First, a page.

Yes! This puts a finger on what bothers me about so much headline writing, and so many articles: I can tell from the title of the post that it will be substanceless. Somehow, there will be a 1000+ word article composed of nothingness, from which I’ll learn and recall precisely nothing.
So much online writing circles around the same type of mildly repellant business productivity and creativity advice — all selling the get rich quick mentality with a recipe for success. In a capitalist world, that story has draw — we are all busting our asses and getting nowhere. Yet it’s terminally empty; a few words of advice cannot change a system, and probably also can’t help most people get ahead in that system.
The internet has become a diluted sea of bland 101 content, quoting the same sources, adding the same vapid life stories to try to force personal connection. Everyone desperately signalling, a twisted capitalist version of mating signals: pick me! Pick me! The textual equivalent of a ruff of fluorescent feathers, the payoff receiving work rather than passing on genes: individual survival, not reproduction. It reminds me of the proposal to eliminate mosquitoes by releasing sterile males into the wild to breed with the females, burning out their reproductive lifespans. We’re distracted by the overwhelming drone of valueless, impersonal writing: junk food of the mind.
So now, writers need to learn how to signal the opposite to discerning readers: to promise something worthwhile and convince people to read without looking like content mill pablum. To demonstrate respect for readers’ time, to offer real connection, to write and share something worth the reading. This is the slow path, the path of patience, requiring a long-term commitment to the practice of writing and thinking.
We need to stop relying on the compassion of individuals but instead build compassionate systems.
We must not mistake Ethical Consumption—a private act—for political power or organized, collective social change that benefits everyone.
The pandemic finally forced me to confront the failures of three decades of this market-driven approach to change. I have started to wonder not only if Ethical Consumerism is ineffective, but also, whether it’s actually getting people killed and driving our planet to ruin, and why we continue to throw our power away on ethical shopping.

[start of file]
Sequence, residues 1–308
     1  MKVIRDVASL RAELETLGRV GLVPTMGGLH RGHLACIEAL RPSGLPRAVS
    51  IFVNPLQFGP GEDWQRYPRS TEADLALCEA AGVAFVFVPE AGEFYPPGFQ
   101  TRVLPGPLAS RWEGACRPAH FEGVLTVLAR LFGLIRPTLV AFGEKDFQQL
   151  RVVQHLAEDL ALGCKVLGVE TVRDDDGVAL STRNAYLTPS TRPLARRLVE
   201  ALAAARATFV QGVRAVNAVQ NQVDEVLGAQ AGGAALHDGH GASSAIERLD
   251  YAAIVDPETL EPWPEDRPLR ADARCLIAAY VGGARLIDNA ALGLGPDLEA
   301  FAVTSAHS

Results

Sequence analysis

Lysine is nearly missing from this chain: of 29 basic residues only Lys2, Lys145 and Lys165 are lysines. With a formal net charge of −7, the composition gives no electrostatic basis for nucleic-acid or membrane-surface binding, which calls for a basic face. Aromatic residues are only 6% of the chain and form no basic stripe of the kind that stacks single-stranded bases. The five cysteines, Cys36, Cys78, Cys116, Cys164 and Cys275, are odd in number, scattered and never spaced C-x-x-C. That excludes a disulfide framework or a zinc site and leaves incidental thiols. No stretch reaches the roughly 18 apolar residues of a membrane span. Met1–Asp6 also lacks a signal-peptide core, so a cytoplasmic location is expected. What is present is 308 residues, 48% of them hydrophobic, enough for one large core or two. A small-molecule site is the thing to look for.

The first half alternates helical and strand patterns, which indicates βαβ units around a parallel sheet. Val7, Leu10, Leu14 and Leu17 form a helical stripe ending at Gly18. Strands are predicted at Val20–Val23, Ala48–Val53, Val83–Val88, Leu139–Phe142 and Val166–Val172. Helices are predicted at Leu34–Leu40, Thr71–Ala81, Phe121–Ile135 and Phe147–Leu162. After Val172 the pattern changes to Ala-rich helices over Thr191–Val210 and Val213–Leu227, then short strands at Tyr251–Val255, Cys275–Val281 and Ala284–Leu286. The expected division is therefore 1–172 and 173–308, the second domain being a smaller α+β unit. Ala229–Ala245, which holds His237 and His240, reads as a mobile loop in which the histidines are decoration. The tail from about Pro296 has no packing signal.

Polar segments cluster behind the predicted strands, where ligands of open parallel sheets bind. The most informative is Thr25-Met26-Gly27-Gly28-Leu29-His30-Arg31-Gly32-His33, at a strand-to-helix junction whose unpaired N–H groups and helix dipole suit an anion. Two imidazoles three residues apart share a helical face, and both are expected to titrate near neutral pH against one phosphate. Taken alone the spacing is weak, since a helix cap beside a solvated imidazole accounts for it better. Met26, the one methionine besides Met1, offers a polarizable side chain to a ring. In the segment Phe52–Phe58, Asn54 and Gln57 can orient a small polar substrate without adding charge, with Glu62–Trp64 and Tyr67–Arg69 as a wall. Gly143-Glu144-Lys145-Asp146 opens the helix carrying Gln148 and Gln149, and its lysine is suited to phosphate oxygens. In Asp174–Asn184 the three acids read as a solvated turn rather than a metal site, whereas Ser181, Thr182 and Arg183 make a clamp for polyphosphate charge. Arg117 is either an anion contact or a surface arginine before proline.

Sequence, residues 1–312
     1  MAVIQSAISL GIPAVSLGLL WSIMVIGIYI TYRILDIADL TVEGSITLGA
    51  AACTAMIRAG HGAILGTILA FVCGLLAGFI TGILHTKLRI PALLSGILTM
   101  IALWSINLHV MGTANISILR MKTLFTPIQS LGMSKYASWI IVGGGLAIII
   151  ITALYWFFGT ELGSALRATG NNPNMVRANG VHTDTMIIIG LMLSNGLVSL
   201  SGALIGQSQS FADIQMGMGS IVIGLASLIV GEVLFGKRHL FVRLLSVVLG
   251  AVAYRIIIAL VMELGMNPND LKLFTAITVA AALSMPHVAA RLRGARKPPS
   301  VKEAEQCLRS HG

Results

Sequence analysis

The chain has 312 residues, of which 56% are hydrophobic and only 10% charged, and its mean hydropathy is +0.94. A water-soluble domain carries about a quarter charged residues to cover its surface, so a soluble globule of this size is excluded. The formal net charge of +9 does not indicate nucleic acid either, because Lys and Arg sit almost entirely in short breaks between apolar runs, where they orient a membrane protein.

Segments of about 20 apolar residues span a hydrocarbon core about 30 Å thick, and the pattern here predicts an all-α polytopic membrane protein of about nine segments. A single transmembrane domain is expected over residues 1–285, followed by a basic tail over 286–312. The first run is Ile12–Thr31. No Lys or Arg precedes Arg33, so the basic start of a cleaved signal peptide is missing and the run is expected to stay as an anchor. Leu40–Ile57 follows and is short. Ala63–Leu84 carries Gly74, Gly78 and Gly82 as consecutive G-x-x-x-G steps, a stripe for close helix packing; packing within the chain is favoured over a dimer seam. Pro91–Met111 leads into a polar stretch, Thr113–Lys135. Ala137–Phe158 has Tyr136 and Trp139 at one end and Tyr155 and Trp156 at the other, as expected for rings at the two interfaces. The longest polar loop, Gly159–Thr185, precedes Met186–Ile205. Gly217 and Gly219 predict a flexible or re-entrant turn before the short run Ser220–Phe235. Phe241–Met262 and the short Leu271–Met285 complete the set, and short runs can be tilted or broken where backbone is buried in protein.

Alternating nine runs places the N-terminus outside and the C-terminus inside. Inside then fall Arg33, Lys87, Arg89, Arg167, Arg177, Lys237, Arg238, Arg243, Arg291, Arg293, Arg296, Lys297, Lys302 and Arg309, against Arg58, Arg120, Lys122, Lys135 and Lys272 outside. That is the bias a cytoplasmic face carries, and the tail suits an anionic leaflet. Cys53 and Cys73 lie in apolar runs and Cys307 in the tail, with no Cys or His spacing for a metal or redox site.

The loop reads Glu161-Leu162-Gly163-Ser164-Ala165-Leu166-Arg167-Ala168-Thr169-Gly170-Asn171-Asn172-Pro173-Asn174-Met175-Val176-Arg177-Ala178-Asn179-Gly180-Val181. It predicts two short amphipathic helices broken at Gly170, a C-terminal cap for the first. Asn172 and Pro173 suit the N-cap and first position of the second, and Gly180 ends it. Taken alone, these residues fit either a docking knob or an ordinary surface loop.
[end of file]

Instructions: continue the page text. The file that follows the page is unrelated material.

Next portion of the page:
Even though it’s mostly progressives who identify as Ethical Consumers, as Teachout illuminates, making change through the way we shop is ultimately a right-wing idea. We’ve fully embraced the neoliberal system and worldview that change should happen through the marketplace.
But where we get ourselves into trouble is in viewing shopping as a moral act—and viewing shopping at a cheap chainstore that has poor business practices as an immoral one. Consumption is an economic imperative (there’s no escaping it under capitalism), and it is fundamentally determined by our income. Unless we believe that rich people, who can afford more ethical products, are somehow more ethical than the rest of us, we must confront that it’s unacceptable and arguably deeply unethical itself to ever tie human “goodness” to what we buy.
— Elizabeth L. Cline
Lately have been thinking a lot about how we try to make ourselves feel better and get better outcomes for ourselves through our consumer choices — from “ethical consumption” to rich white parents sending their kids to private school instead of the public school.
We put our own feelings first instead of advocating for change for everyone, which is harder. And when we feel good about the consumer choices we’ve made, we feel less urgency to push for systemic change. My privilege is buying my complacency with the system.
As someone who’s devoted my whole career to the environment, and leads environmental messaging in my local government, this is a tricky thing to sell, especially in my well-off community.